"I'm just doing what's in the best interest of my child," says Rathjen, a 32-year-old marine biologist. "Sure there's stress, I'm not at home, I don't have my husband or my pets and I've definitely gotten weaker. But the big stress of 'How am I going to get here?' is off my shoulders."
So, for the next few weeks, Rathjen is resigned to forgoing work, accepting boredom and generally following her doctor's advice. "I've got books, my laptop, crafts and really bad TV," she said. "Plus, it's given me time to research baby products and do some online shopping."
Dr. Adam Wolfberg, a maternal-fetal specialist with Boston Maternal-Fetal Medicine, says despite the lack of evidence to support bed rest, there is something real, almost a kind of placebo effect, to women feeling like they are doing something to protect their babies, as opposed to doing nothing.
"Obstetrics is a field in which we have a very limited number of tricks up our sleeve when it comes to preventing preterm delivery. So to say, 'I'm sorry ma'am, there is nothing we can do,' is harder then saying, 'Well, there's no evidence bed rest helps, but it is something we can try."
"Obstetrics is a field in which we have a very limited number of tricks up our sleeve when it comes to preventing preterm delivery," he said. "So to say, 'I'm sorry ma'am, there is nothing we can do,' is harder then saying, 'Well, there's no evidence bed rest helps, but it is something we can try...The idea that there's something they can do that's proactive — that can be meaningful."
In a recent post called "The Truth About Bed Rest" on the Isis blog Parenting Starts Here, Dr. Wolfberg lays out some other reasons why doctors — himself included — continue this "nutty" practice:
Why is it that most obstetricians I know still recommend bed rest, when peer-reviewed literature and the American College of Obstetricians and Gynecologists suggest the practice doesn’t work and might even be dangerous? Here are some possible explanations:
•Bed rest seems logical: the reclining posture theoretically reduces the force of gravity on the cervix – another theory entirely lacking evidence.
•It feels better to prescribe bed rest than to tell a patient, “we really don’t have anything to offer you to reduce the chance that you will deliver early.”
•Women on bed rest are doing something, which feels a whole lot better than doing nothing.
•If bed rest isn’t recommended, and the patient delivers prematurely, they and their doctor will always wonder whether bed rest would have changed the outcome.
Dr. Wolfberg says despite his skepticism, he would not go so far as to brand bed rest as ethically unsound. "There are so many things in medicine we do without evidence, I really don't think bed rest is unethical. In many ways, medicine isn't just about evidence, it's evidence plus — it's experience and skill and intuition — not to say those are replacements for evidence. But evidence isn't all there is."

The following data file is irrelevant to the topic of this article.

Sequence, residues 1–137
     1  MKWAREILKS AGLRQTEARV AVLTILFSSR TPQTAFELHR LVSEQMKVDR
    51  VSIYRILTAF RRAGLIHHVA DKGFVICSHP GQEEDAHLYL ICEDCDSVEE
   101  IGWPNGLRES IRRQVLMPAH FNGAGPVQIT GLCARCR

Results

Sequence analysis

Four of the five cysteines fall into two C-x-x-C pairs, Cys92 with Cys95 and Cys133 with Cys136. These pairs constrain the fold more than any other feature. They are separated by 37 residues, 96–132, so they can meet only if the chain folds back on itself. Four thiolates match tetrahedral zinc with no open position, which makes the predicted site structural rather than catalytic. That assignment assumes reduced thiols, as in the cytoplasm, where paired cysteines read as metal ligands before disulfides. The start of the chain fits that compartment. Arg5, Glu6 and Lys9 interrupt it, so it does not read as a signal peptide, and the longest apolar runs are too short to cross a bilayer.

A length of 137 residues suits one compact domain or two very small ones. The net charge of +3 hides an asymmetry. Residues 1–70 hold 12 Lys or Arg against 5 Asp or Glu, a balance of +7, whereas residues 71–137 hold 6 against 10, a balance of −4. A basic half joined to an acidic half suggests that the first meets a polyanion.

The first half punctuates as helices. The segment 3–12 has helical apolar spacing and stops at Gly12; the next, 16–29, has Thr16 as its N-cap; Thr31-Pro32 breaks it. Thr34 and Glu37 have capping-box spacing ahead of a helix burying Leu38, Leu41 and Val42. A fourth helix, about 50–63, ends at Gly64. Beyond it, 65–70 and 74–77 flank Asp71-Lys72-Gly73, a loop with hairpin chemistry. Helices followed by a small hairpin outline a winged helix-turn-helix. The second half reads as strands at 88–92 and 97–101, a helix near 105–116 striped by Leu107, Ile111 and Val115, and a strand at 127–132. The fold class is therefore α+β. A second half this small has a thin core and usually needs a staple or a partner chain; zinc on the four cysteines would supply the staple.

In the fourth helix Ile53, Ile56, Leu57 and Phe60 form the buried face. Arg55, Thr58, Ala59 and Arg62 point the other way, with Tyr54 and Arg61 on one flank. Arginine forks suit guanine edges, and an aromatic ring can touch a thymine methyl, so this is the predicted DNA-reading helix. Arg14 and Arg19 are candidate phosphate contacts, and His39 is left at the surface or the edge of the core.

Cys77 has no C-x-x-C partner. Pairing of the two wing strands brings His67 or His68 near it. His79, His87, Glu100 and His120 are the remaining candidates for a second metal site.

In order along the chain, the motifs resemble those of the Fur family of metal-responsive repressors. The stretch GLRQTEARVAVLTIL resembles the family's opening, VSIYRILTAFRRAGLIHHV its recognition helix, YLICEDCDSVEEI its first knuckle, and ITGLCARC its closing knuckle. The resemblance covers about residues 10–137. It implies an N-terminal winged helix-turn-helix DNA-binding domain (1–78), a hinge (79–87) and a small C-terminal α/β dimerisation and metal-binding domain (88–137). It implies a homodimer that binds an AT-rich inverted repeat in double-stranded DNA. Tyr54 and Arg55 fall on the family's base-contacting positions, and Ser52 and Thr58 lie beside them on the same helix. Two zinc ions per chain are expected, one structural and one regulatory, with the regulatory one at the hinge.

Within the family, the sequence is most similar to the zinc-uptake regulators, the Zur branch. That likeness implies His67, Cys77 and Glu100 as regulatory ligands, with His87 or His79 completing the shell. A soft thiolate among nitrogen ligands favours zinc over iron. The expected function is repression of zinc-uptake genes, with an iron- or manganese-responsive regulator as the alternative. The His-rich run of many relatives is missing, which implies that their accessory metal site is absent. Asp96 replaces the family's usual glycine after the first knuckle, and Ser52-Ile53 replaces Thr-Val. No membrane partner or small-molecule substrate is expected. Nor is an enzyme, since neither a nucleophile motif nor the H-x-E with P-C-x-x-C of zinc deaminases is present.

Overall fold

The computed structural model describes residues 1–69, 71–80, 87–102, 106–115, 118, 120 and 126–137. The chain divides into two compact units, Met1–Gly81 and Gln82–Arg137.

This may sound good, says ob/gyn Dr. David. A Grimes, co-author on the bed rest article, but doctors should be wary of relying too heavily on instinct alone. "If we have anything to learn from the history of medicine," Dr. Grimes says via email. "It is that instincts and good intentions are a highly fallible compass without the check of scientific controls."
And course, every woman is different and the complications of pregnancy vary, notes Angela Davids, who moderates an online forum, keepemcookin.com for women who have been prescribed bed rest. She tells me in an email that 76 percent of her forum participants deliver at 36 weeks or later:
Any one of them will tell you that bed rest helped to prolong their pregnancies, and I think that is what researchers need to look at. Instead of looking at 37 weeks of gestation as a measure of success, look at how many days of gestation there were following the diagnosis of a specific complication. Every additional day in the womb counts toward the health of a baby...
So, what's an expectant mom to do?
Dr. Wolfberg offers this advice:
•Patients who are worried about pre-term labor, short cervix, or vaginal bleeding should consult their midwife or physician.
•In his own practice, Wolfberg says he works hard to identify patients who would benefit from progesterone and get them on that medication when appropriate.
•He says it is reasonable for women at high risk for pre-term delivery to limit strenuous activities or exercises.
•He says he's never had a patient suffer long term consequences of bed rest, and notes that since he's never met a mother who delivered prematurely who didn’t – irrationally – blame herself, he prescribes activity reduction because it’s something patients can do.
•If bed rest is going to interfere with a patient’s need to earn a living, hold down a job, or take care of her family, he says he support her decision to remain active (and cites the evidence that bed rest doesn’t help).
Beyond that, Dr. Wolfberg said, "if they do bed rest and fail, at least they feel like they did everything they could...we all need a little bit of magical thinking to get through the day."
Oftentimes, what helps or hurts a pregnancy is in the eye of the beholder. A friend offers this memory of her six weeks on bed rest:
I started bleeding and the baby seemed like it was low, plus I'd had two prior miscarriages, so the doctor prescribed "modified bed rest," meaning I could get up to eat, go to the bathroom, or recline on the sofa. It wasn't fun — I spent alot of time reading and looking at the clouds...One day I wandered downstairs to rest on the sofa, and saw the 9/11 airplanes hit the twin towers. I think it was the stress that brought on the delivery — a late miscarriage at 19 weeks — and that was that.
This program aired on May 17, 2013. The audio for this program is not available.